1[1] by Harry Flam Institute for International Economic Studies, Stockholm University

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Harry Flam

Institute for International Economic Studies,

Stockholm University


The title of the lecture is ”Trade, Markets and Economic Growth”. As a way of introduction, let me expand a little on the title.


Economic growth is of course an important subject. In my mind, it is the most important subject of economics as an academic discipline. To understand the causes of economic growth must be of the greatest importance, since it can help to design institutions and policies so that the resources available to us are used efficiently, both in each period in time and across time periods. This is not to say that economic growth should be as high as possible. Growth is not without cost; it requires giving up consumption today for consumption in the future.


Trade is commonly regarded as an engine of economic growth. I will attempt to explain in what ways trade is thought to promote growth in economic theory, and account for some of the empirical research that attempts to establish the extent to which trade promotes growth. I hope to make clear, that although we can list a number of ways in which trade is an engine of growth in theory, to find empirical support requires careful thinking and sophisticated methods, and the results are not always what we expect.


To put the concept of markets in the title is not as self-evident. I want to make the point that trade is an engine of economic growth, but only if markets work well. Markets cannot exist in a vacuum. They are always embedded in an institutional environment, which includes laws, regulations, policies, beliefs, organizations and other institutions that affect the behavior of economic agents. My point is that both trade and a well designed institutional infrastructure are necessary to achieve the desired rate of growth with the minimum of resources.


Some simple arithmetic

Relatively small differences in growth rates add up to large cumulative differences in levels of GDP. To design good institutions and policies is therefore of great importance for future generations.

Consider the following simple arithmetic. An economy whose GDP per capita grows at 1 per cent per year will double its GDP per capita in about 70 years, or in about three generations.


Assume instead that GDP per capita grows at 3 per cent per year, which happens to be slightly below the per capita growth rate of Sri Lanka during the three decades from 1970 to 2000. A 3 per cent growth rate doubles real income per capita in about 23 years, or in about one generation. Note that the example is in terms of GDP per capita. Sri Lanka’s growth rate has been about 5 per cent per year during the same period, with the difference made up of population growth.


Three per cent growth in GDP per capita and 5 per cent growth in GDP are historically very high rates. Looking at the experience of today’s most developed economies, we find that per capita growth rates during the period 1870, the beginning of industrialization in a majority of the countries, up to 1973, the year of the first oil crisis, generally was below 2 per cent per year. Only Japan, Sweden and Finland had per capita growth rates above 2 per cent.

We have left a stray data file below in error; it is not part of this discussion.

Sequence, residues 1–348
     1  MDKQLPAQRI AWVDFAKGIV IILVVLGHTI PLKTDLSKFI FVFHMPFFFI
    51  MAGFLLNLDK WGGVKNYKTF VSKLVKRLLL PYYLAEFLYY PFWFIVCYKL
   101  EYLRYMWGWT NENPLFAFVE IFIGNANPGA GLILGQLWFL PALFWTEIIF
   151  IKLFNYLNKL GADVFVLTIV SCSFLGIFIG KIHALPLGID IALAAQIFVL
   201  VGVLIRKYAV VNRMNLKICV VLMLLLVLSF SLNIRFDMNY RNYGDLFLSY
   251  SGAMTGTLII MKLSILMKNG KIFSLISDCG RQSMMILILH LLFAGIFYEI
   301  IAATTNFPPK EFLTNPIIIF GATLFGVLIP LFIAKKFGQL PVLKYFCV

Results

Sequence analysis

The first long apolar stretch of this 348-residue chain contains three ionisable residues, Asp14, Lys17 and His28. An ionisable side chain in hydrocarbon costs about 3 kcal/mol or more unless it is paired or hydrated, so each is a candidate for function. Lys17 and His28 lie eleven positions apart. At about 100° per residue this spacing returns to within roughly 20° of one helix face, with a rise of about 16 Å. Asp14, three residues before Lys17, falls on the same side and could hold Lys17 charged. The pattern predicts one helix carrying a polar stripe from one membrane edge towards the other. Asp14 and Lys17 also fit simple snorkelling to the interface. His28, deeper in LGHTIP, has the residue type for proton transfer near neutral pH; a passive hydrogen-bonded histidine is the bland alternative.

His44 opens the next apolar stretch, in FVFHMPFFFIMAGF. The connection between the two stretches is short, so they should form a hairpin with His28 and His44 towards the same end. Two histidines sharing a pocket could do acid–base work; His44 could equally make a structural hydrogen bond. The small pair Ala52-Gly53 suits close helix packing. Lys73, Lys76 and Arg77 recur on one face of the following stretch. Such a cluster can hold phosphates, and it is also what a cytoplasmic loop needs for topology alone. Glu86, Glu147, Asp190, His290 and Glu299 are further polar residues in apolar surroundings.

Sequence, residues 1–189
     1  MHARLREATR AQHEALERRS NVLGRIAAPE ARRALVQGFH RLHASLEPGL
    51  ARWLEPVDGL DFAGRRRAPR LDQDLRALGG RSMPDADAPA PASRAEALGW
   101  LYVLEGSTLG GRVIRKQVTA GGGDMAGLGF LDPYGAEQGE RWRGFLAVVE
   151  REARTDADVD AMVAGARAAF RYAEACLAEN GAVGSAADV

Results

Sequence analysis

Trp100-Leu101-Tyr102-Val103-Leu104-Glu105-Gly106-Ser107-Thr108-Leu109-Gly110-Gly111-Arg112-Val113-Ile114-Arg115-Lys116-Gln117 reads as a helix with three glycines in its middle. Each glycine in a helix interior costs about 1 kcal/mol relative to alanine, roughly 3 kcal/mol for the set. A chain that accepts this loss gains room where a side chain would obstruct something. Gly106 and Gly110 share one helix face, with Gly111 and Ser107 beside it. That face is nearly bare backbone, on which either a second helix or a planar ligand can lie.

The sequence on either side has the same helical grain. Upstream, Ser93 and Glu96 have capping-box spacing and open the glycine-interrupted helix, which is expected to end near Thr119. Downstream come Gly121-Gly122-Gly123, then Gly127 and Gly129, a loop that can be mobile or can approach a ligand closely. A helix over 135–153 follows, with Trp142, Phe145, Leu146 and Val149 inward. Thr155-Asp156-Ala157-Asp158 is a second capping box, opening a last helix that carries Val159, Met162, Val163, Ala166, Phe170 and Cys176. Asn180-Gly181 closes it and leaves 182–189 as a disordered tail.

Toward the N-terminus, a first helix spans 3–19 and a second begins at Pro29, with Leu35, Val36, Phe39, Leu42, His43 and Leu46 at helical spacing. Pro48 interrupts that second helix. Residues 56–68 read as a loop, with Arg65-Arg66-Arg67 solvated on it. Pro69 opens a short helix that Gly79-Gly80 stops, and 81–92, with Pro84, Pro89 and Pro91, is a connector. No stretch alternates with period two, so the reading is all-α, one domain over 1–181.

But more recently, several economies have experienced much higher growth rates both in GDP and GDP per capita. GDP growth in Singapore, Taiwan, South Korea and Hong Kong – to take the most celebrated cases – has been in the range of 7-10 per cent for decades. With a growth rate of 7 per cent per year, GDP is doubled in about 10 years, and raised four times in 20 and eight times 30. With a 10 per cent growth rate, GDP is doubled in 7 years and raised four times in just 14 years.


The perhaps most striking example of transformation is that of Singapore. Its GDP per capita grew at more than 7 per cent in the three decades from 1965 to 1995. In that short time period, Singapore was transformed from being relatively poor, with a per capita income of about 2 300 US dollars to a per capita income of about 23 000 dollars. In other words, Singapore became a developed economy with a level of income similar to that of countries in Western Europe in a little more than one generation.


The same rapid transformation is now taking place in several other countries in Asia, with China and India as the most published examples.


All of the countries mentioned have been very open to international trade. That is frequently cited as an important, if not the most important factor, for their economic success.


Standard growth theory and growth accounting

The standard textbook model of economic growth posits that the level of GDP is determined by the amount of resources used for production and by the efficiency with which they are used. The term for efficiency of resource use is total factor productivity.


Since we ultimately are interested in per capita income and the consumption possibilities that individuals have, we divide GDP and the stocks of productive resources by the population and consider per capita GDP and per capita GDP growth instead of aggregate GDP and aggregate growth. Countries differ in GDP per capita because they have accumulated different amounts of factors of production per capita and because they have different total factor productivity. Factors of production include man-made resources in the form of physical capital – machines, infrastructure and so on – and human capital – accumulated through education and learning-by-doing – and natural resources.